Friends enjoying a chat on Hobart's waterfront
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Having supportive conversations

Talking about mental health can be tough, but by opening up the conversation and being there for the people we care about, we can have a big impact.

We’ve worked with local organisation SPEAK UP! Stay ChatTY to bring you five helpful tips for having supportive conversations.

The importance of conversations

We understand if someone says they aren’t okay, or if your gut says someone is off their game, it’s not always easy to know what to do next. You may be worried about saying the “wrong words” or making things worse.  

The biggest thing to remember is showing up for someone is the main goal. You’re there to create a connection and to remind them they’re not alone. 

We won’t always have the perfect words or delivery. Luckily, this isn’t the most important consideration. Showing up for someone and making them feel seen, heard and valued is the goal. We don’t have to do things perfectly to show people we truly care.

Never underestimate the power of showing up for those you care about. 


Life gets busy, so it can be tricky to find a spot in your day that’s completely free of responsibilities, ideas and tasks. Instead, let’s look for ways to push our responsibilities aside for a moment (we can always pick them back up shortly) so we can offer someone our undivided attention - even if it’s just 20 seconds of our time to check in. 

When we’re engaged in conversation, it’s important to keep our body language in mind and to listen carefully. Listening more than we speak can be beneficial, as it gives the person you’re supporting the space to share how they’re feeling.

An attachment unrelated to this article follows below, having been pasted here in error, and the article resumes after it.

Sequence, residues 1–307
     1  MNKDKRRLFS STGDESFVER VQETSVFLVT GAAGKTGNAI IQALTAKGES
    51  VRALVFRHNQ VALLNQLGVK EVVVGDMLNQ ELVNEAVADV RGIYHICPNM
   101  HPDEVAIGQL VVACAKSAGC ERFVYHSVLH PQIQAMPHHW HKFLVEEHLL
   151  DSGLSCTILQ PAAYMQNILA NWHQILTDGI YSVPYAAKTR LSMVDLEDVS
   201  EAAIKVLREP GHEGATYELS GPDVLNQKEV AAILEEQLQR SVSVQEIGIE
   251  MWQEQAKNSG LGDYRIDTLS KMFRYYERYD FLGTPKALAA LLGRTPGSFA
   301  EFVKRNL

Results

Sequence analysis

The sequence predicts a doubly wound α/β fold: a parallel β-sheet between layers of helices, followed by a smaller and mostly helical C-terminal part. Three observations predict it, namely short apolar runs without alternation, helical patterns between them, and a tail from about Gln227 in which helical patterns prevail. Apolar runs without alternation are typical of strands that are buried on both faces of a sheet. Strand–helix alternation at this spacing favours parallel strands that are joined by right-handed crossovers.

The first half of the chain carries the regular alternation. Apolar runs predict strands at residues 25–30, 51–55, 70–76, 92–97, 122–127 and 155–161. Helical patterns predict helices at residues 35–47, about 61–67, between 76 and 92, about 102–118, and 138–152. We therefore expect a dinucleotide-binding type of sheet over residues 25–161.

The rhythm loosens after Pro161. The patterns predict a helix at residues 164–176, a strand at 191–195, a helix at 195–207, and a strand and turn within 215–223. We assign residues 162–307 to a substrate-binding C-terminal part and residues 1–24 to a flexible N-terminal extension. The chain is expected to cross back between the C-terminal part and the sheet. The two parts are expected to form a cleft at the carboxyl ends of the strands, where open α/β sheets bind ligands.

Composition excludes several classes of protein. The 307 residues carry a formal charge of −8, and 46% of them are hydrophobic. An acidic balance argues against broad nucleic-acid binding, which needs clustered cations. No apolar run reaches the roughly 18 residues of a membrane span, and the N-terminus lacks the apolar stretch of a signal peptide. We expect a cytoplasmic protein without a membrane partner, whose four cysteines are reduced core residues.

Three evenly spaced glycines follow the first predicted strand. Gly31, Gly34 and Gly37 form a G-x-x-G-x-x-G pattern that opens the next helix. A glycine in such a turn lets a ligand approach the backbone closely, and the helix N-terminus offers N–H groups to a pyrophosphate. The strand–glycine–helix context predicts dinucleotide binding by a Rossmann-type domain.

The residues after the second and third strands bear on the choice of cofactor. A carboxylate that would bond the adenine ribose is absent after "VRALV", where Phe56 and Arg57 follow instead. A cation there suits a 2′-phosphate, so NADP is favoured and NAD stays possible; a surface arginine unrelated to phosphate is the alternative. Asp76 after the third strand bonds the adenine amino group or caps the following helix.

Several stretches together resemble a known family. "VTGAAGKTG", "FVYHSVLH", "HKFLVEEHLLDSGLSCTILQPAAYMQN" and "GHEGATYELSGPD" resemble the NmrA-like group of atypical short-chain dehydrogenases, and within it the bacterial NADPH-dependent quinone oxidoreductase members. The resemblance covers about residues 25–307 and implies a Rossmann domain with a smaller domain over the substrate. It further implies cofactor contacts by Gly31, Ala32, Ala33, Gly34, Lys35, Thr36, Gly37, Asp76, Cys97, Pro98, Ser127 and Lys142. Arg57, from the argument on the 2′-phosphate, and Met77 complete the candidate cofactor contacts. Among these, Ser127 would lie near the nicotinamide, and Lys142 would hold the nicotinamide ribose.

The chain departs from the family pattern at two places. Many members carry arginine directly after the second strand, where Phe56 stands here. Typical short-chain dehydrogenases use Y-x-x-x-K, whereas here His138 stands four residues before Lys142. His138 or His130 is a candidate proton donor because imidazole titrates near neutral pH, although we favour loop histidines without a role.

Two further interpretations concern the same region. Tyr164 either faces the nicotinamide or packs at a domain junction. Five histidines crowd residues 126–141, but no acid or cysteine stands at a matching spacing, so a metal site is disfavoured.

Getting the help you need 

As a supportive friend, colleague, family member or teammate, it’s not your job to fix someone’s problems. As part of your supportive conversation, chatting about seeking professional support can be a great next step. 

Your encouragement and exploration of the services available can be really useful. Ensure the person you’re supporting is making the choices and you’re walking alongside them, rather than dictating the next steps. There are a range of resources available in person, online and over the phone. It may take a few tries, but encourage them to keep going until they find a resource they feel comfortable and safe with and a connection that resonates. 

Keep talking about mental health 

Mental health isn’t always a topic people feel comfortable chatting about. That’s why it’s so important we build conversations about mental health into our everyday lives. By doing this, we can make it feel more comfortable, build our skills around language and stop the stigma. 

It’s also an opportunity to check in with people on any given day, not just when we notice they’re off their game. By nurturing open and supportive relationships, people can feel more confident and comfortable to open up when challenges arise. 


It’s important to remember that when you’re supporting others you need to find ways to recharge your own batteries. Finding self-care activities that you enjoy, as well as access to professional support, is important. 

Important note

If you or someone you know is in crisis and needs immediate help, please contact 000 or Lifeline on 13 11 14.